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News

Our news articles are posted on a regular basis to give our clients relevant and timely information about matters pertaining to our financial services. Browse through our current and archived articles to learn more.

Category: Accounting & Tax

Its Not Too Late To Contribute To Your IRA For 2017

Whether you are still working or retired, you should periodically review your IRAs. Here are few things to remember.

Contribution limits
If you’re still working, review the 2017 IRA contribution and deduction limits to make sure you are taking full advantage of the opportunity to save for your retirement. You can make 2017 IRA contributions until April 17, 2018.

Excess contributions
If you exceed the 2017 IRA contribution limit, you may withdraw excess contributions from your account by the due date of your tax return (including extensions). Otherwise, you must pay a 6% tax each year on the excess amounts left in your account.

Required minimum distributions
If you are age 70½ or older this year, you must take a 2017 required minimum distribution by December 31, 2017 (by April 1, 2018, if you turned 70½ in 2017). You can calculate the amount of your IRA required minimum distribution by using our Worksheets. You must calculate the required minimum distribution separately for each IRA that you own other than any Roth IRAs, but you can withdraw the total amount from one or more of your non-Roth IRAs. Remember that you face a 50% excise tax on any required minimum distribution that you fail to take on time.

Click for additional resources

 

image source: http://401kcalculator.org

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Disclosing Noncompliant and Unreported Foreign Accounts and Assets

The IRS has announced that it will close the Offshore Voluntary Disclosure Program (“OVDP”) effective September 28, 2018. The IRS is encouraging taxpayers who need to disclose noncompliant and unreported foreign accounts and assets to come forward before September 28. Qualifying taxpayers who have unreported foreign accounts can use the IRS’s OVDP to come into compliance while avoiding the risk of criminal prosecution and minimizing otherwise applicable civil penalties, such as the FBAR penalty. While the IRS announcement notes that after the 28th, the IRS will make available additional information about possible avenues for taxpayers to disclose unreported foreign accounts in the future, such future programs or opportunities, if any are in fact announced, may subject taxpayers to increased penalties as compared to the current OVDP.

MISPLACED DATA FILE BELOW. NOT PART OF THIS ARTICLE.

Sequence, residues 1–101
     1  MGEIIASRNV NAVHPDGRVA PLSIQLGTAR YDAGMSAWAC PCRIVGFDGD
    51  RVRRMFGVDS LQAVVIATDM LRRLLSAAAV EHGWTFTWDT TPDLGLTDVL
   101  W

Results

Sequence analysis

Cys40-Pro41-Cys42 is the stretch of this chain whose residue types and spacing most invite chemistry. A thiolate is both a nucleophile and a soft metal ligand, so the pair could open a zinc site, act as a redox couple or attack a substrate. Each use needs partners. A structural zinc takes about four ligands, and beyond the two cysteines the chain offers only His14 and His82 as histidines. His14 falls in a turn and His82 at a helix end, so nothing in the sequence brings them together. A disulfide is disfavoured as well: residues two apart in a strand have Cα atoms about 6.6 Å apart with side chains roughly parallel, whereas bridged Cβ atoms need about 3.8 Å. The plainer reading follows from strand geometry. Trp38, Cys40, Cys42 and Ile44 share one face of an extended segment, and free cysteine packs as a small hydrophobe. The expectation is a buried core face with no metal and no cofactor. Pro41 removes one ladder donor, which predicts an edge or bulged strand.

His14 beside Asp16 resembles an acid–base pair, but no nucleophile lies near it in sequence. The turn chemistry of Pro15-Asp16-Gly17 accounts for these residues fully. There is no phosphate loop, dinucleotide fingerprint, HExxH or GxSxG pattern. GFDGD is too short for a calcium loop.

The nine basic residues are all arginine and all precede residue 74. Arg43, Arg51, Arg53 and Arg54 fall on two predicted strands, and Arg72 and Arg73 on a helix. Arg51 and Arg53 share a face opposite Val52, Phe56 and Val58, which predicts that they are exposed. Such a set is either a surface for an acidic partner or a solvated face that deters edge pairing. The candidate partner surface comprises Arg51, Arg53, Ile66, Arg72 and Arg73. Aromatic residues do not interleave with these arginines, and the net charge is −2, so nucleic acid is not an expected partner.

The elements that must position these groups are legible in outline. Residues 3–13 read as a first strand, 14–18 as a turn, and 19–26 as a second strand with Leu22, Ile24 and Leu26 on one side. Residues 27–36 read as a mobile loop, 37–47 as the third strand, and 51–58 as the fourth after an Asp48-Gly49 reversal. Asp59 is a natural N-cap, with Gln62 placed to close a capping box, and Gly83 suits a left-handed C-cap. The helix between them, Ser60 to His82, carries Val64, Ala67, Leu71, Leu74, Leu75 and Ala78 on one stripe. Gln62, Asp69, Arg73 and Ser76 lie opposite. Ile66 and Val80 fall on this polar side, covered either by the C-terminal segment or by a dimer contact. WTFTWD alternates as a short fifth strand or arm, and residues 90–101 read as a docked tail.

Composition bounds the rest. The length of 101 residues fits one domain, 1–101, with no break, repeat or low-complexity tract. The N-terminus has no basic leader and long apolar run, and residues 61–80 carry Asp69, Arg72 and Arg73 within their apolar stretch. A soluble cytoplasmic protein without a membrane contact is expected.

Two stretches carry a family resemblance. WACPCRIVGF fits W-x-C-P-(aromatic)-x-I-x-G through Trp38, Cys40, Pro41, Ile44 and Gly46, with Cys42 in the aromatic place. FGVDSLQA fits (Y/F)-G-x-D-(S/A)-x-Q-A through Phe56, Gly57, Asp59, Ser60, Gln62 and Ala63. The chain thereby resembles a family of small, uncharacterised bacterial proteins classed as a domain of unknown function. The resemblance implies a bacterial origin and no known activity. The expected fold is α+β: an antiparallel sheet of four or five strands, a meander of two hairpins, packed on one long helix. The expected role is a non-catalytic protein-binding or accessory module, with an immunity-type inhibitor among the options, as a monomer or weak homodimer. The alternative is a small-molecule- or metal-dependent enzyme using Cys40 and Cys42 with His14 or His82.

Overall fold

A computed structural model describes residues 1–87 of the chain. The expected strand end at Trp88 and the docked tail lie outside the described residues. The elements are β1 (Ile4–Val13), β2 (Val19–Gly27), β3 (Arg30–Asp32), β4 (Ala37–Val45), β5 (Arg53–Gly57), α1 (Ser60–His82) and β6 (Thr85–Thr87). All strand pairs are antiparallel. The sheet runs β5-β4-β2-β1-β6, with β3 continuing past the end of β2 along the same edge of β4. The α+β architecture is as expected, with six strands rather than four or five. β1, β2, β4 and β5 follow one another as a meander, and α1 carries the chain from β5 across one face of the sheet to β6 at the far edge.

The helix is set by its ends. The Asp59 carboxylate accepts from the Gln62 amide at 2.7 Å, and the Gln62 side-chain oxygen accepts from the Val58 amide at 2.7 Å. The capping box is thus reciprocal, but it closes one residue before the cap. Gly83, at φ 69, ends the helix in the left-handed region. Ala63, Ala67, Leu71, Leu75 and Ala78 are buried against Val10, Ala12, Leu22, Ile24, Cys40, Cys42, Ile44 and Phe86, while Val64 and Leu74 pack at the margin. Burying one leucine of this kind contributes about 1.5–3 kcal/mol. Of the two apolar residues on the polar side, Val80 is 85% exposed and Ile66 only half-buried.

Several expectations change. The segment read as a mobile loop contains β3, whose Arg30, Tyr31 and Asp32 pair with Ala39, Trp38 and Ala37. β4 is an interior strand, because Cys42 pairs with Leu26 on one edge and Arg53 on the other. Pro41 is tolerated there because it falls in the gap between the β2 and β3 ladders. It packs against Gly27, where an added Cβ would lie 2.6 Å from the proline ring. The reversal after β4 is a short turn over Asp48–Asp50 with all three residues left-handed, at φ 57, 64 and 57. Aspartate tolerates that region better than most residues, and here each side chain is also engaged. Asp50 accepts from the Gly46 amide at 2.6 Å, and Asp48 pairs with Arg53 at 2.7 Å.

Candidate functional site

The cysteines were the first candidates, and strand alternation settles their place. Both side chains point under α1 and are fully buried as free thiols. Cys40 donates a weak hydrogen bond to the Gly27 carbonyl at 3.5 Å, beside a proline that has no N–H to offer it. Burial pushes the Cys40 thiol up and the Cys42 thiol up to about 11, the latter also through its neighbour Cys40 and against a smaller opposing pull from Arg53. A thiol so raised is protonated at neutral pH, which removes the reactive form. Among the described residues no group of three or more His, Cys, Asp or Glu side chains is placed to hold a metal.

As we have seen in the past, each version of the OVDP (iterations of which date back to 2009) has brought with it increases in the applicable penalties. Therefore, taxpayers who continue to hold non-compliant foreign accounts or assets are encouraged to consult with their advisors about the current OVDP program before that window of opportunity closes.

Negotiating voluntary disclosures with the Internal Revenue Service avoids criminal prosecution and limits civil penalties on behalf of clients with foreign bank accounts.

 

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Accounting & Tax: Identity Theft—IRS Warns Taxpayers about New Refund Scam

The IRS has alerted taxpayers of a new scam in which criminals deposit fraudulent tax refunds into an individual’s bank account and then attempt to reclaim the funds. They accomplish this by (1) hacking tax practitioners’ computers to steal taxpayer data; (2) using the stolen information to file fraudulent tax returns; (3) having the refunds deposited into the taxpayers’ bank accounts; and (4) telling the victims the money was mistakenly deposited into their accounts and asking them to return it. Criminals may pose as debt collection agency officials acting on behalf of the IRS, or the taxpayer may receive an automated call purportedly from the IRS.